I find it incredibly rude for someone to simply open the door and poke their head in.  Again, there is a window.  Please knock & I will either motion you to come in or say "come in".  Maybe what is on the desk is not meant for your eyes & I have a moment to put it aside. 

I will generally communicate when I need to be unavailable and then make a point of leaving the office & checking in with the staff hourly or so.  Good to get up and stretch as  I refresh the coffee cup.  That way I am available on my terms & don't need to be interrupted.

When it is a closed door for quiet's sake, I will also communicate - I am taking calls, please interrupt if you need me, etc, I just need a little silence to get through this next (length of time).

Poking your head in without knocking will have me providing negative feedback, even in an emergency, since it takes less than 10 seconds to be polite.  It would be pretty awful to walk in my office uninvited to find me working on your lay-off notice, wouldn't it?

dpiedrahita's picture
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S- I think you're on point reasons for not closing your door!

Mark- I would LOVE if someone would do that! That's thoughtful and aware of one's personal preference. In my case, I'm sensitive about my time. Always willing to give it to people I know respect it, but I have a hard time when people wander in with low importance stuff and can't get to the point. I'd love for someone to ask so I can have some person-specific ways of handling it. I whole-heartedly agree with closing the door for no reason.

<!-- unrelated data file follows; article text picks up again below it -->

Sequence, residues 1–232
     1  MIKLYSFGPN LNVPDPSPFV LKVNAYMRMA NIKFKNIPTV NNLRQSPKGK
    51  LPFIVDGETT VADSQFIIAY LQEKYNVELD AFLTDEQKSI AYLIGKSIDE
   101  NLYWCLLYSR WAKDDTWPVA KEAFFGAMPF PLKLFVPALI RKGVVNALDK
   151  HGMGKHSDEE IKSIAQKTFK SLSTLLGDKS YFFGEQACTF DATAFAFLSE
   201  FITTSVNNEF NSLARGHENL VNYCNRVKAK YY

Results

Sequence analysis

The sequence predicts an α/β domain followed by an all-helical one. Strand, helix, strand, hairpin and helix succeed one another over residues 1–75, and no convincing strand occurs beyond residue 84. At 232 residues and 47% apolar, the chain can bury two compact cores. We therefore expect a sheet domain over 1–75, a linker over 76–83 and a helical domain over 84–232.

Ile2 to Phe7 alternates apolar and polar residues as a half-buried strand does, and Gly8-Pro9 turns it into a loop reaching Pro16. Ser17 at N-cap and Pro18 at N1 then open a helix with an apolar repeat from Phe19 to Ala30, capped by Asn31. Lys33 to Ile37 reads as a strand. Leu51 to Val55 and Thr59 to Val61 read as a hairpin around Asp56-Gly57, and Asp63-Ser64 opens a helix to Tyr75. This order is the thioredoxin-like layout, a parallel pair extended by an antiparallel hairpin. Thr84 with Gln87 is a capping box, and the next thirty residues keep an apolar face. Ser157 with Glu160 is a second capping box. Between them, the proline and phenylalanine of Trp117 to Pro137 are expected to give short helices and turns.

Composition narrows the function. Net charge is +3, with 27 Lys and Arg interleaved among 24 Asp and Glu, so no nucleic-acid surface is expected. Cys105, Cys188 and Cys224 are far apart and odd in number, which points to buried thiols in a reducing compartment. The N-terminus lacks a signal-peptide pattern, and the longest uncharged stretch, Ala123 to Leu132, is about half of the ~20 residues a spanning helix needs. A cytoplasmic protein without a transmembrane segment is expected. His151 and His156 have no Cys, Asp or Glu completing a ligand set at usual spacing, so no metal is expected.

ACAO162- so you're saying acceptable to knock if the door is closed but be prepared to get a "no, not right now" or "give me a few minutes"?



edzaun's picture

 I was a bit surprised that no one has mentioned O3's as a reason for a closed door and it got me thinking. I know the guidance is "private, not public" and private means anyplace where someone has to deliberately snoop to over hear.  So, my question is mostly for the men here and I would  also be interested in female opinions.


Do you do O3's with the door closed? I do, and I have been advised never to be behind a closed door with a female co-worker or direct. The reasoning is this will limit my exposure to sexual harassment charges.  I discounted that advice because I maintain a professional relationship everyone. At least I think I do.  The person who gave that advice tends to twist most scenarios to wild and convoluted outcomes, so I chose to ignore it. All my directs understand O3's are one of 3 reasons my door is closed and the only common one.


So, what do you think? Am I taking a risk?  Do closed door crossgender meetings, one on one, make you nervous or uncomfortable? Would it be better close the  door almost all the way but not quite?


My gut says do what I am doing and ignore the latrine lawyers but this thread got me thinking....




Ed Zaun

DiSC Profile 7-3-1-2

mrreliable's picture